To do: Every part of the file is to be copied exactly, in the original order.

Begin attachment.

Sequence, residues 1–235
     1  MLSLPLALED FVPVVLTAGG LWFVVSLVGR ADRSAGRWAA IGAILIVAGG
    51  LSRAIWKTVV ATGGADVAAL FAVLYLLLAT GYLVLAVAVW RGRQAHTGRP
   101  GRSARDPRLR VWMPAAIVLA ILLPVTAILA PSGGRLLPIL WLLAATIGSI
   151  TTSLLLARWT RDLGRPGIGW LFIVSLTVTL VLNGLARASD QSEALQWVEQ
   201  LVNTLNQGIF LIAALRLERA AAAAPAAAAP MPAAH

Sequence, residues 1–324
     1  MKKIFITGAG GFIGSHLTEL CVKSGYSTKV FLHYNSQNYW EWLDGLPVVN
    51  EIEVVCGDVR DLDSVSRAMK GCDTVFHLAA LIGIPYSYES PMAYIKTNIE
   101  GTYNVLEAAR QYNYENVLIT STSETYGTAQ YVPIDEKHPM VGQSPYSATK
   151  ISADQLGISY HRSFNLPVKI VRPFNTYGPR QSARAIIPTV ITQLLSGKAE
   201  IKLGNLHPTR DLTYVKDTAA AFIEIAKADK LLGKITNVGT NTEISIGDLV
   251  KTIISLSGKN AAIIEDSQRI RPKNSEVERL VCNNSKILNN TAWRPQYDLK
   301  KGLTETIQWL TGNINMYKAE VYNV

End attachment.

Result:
Sequence, residues 1–235
     1  MLSLPLALED FVPVVLTAGG LWFVVSLVGR ADRSAGRWAA IGAILIVAGG
    51  LSRAIWKTVV ATGGADVAAL FAVLYLLLAT GYLVLAVAVW RGRQAHTGRP
   101  GRSARDPRLR VWMPAAIVLA ILLPVTAILA PSGGRLLPIL WLLAATIGSI
   151  TTSLLLARWT RDLGRPGIGW LFIVSLTVTL VLNGLARASD QSEALQWVEQ
   201  LVNTLNQGIF LIAALRLERA AAAAPAAAAP MPAAH

Sequence, residues 1–324
     1  MKKIFITGAG GFIGSHLTEL CVKSGYSTKV FLHYNSQNYW EWLDGLPVVN
    51  EIEVVCGDVR DLDSVSRAMK GCDTVFHLAA LIGIPYSYES PMAYIKTNIE
   101  GTYNVLEAAR QYNYENVLIT STSETYGTAQ YVPIDEKHPM VGQSPYSATK
   151  ISADQLGISY HRSFNLPVKI VRPFNTYGPR QSARAIIPTV ITQLLSGKAE
   201  IKLGNLHPTR DLTYVKDTAA AFIEIAKADK LLGKITNVGT NTEISIGDLV
   251  KTIISLSGKN AAIIEDSQRI RPKNSEVERL VCNNSKILNN TAWRPQYDLK
   301  KGLTETIQWL TGNINMYKAE VYNV